Posted by Nydia Streets of Streets Law in Florida Alimony
What was phrased by the Florida 4th District Court of Appeal as a “a duel between reversible error and preservation” in Fox v. Fox, 4D17-2092 (Fla. 4th DCA 2018) is a study in the nuances of Florida family law. This case revolves around a Florida alimony award and a conflict has been certified regarding the case issues, meaning the Florida Supreme Court may need to decide on rules which conflict among two or more Florida appellate districts.
The parties entered a marital settlement agreement which resolved all issues except alimony. The former wife claimed a need for alimony based on her health issues which prevented her from working. The former wife testified that although she had worked in a dental office for about 30 years, she was unable to continue due to her health issues.
The former husband requested a vocational evaluation of the former wife to establish her earning potential. The former wife objected and the trial court eventually denied the former husband’s request for a vocational evaluation. Trial proceeded and despite the former husband’s attempt to establish the former wife’s ability to earn income, alimony was awarded to the former wife.
The former husband appealed, arguing (1) it was error for the court to award alimony without making the required statutory findings as to need and ability to pay and (2) it was error for the trial court to deny his request for a vocational evaluation of the former wife. The former wife countered that the former husband failed to preserve his argument for appeal because he did not file a motion for rehearing with the trial court to give the trial court an opportunity to address his claimed errors.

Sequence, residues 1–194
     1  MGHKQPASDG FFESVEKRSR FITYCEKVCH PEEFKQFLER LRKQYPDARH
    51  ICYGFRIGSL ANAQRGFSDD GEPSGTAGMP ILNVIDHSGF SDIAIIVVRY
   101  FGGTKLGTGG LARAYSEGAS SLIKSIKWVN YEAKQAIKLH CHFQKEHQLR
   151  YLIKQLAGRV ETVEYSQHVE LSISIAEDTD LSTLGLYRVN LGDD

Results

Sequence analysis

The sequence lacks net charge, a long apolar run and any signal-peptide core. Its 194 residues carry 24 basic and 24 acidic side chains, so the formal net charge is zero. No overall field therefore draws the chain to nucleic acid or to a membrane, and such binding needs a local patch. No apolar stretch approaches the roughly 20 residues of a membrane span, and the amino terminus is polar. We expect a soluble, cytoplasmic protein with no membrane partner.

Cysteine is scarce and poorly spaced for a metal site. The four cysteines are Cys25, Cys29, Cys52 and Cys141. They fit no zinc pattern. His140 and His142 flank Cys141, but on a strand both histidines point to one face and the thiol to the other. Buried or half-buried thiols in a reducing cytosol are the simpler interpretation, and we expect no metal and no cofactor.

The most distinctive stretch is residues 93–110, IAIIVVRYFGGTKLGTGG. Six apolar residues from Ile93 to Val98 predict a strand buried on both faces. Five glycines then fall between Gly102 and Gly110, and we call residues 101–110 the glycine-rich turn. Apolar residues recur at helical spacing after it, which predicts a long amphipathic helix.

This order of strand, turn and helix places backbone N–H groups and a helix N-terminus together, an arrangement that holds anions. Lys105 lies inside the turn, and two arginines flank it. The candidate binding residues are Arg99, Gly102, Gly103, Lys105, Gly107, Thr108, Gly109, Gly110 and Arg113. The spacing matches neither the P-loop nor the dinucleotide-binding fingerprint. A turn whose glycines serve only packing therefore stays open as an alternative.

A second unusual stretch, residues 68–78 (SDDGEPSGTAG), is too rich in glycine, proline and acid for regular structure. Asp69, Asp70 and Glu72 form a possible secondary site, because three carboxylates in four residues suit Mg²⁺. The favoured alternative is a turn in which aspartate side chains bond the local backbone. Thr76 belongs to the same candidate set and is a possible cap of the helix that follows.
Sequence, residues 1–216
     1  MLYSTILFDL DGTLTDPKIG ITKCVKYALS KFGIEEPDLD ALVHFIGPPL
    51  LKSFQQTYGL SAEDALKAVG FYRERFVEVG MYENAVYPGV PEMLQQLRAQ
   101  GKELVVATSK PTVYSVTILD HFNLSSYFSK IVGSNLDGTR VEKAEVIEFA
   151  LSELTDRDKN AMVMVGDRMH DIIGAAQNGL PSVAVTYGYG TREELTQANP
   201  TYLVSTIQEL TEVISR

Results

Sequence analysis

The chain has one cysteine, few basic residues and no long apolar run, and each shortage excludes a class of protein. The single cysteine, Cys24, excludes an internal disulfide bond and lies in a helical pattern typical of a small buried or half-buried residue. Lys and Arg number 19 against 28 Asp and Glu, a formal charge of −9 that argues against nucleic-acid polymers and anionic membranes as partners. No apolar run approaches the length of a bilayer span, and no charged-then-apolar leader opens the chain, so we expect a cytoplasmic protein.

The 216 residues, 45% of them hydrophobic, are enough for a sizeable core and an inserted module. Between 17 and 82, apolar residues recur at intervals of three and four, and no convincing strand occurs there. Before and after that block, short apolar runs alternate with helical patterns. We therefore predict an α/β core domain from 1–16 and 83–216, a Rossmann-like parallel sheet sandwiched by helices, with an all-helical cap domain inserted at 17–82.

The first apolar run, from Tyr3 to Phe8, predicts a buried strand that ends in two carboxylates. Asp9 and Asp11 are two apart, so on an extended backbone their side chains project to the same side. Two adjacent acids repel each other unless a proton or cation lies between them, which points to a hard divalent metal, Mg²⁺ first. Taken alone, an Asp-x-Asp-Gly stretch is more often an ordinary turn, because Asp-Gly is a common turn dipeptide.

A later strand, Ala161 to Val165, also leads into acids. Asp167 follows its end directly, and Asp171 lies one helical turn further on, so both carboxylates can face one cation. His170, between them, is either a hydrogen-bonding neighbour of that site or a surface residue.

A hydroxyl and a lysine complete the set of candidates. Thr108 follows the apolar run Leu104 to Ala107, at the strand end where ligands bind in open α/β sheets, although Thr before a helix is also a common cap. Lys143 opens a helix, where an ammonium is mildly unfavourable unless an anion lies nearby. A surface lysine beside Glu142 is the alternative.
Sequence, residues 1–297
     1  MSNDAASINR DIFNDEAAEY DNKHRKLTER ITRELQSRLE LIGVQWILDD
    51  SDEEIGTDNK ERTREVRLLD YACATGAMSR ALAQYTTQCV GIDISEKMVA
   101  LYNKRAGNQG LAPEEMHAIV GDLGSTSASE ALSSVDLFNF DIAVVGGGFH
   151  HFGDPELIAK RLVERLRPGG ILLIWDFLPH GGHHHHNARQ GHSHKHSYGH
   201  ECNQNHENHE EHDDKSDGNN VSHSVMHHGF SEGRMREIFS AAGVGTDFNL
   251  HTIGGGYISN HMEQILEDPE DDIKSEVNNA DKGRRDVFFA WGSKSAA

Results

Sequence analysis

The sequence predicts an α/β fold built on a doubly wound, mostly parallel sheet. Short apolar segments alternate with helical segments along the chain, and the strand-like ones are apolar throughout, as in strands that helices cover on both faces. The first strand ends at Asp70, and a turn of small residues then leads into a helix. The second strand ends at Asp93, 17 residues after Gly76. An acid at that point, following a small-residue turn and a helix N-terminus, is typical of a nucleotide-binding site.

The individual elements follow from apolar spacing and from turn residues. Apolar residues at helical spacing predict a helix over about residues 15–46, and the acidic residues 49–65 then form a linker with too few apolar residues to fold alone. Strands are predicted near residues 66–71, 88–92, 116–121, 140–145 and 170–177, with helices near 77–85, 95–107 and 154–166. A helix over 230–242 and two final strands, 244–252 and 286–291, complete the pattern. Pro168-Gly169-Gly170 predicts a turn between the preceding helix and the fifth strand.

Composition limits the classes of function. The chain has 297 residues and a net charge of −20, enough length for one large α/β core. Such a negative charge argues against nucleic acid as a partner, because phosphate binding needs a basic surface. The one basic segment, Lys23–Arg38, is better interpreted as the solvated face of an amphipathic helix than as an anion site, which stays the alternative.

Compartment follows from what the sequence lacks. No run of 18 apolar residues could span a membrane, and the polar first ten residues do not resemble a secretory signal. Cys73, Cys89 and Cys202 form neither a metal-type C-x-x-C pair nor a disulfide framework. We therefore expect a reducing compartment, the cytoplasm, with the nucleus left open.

In granting the former husband’s appeal, the appellate court held: “Preservation rules are designed to prevent a party from blindsiding the judge by raising an issue on appeal that was not brought to the trial court's attention. And, we will not review issues that a trial court has not had the opportunity to rule on because they were not raised. Correspondingly, the preservation rules were not designed to allow a trial court to ignore statutory requirements of which it should be aware. Certainly, a judge sitting in family court should be cognizant of what findings are statutorily required in a final judgment of dissolution. There should be no need to bring those requirements to the trial court's attention. This does not mean that a lawyer or party ignore the rules either. It is preferable for the litigants to encourage the court's compliance with statutory requirements. But, it should not prevent a litigant from raising the issue when the court fails to do so.”
As to the former husband’s request for a vocational evaluation, the appellate court agreed with him, holding: “The Florida Family Law Rules of Procedure allow a party to examine the other party for ‘physical or mental condition, employability or vocational testing, genetic testing, or any other type of examination related to a matter in controversy.’ The requesting party must show ‘good cause for the examination.’ A court must rely on competent, substantial evidence when determining whether a spouse is voluntarily unemployed or underemployed.’ (citations omitted). The court should also consider ‘evidence of employment potential and probable earnings based on work history, qualifications, and prevailing wages in the community.’” (Internal citations omitted).
And with that the final judgment was reversed and the trial court was directed to conduct a new trial to make the required findings and to allow the vocational evaluation to proceed. If Florida alimony is an issue in your Miami divorce case, contact a Miami alimony lawyer to determine a case strategy that serves your best interest.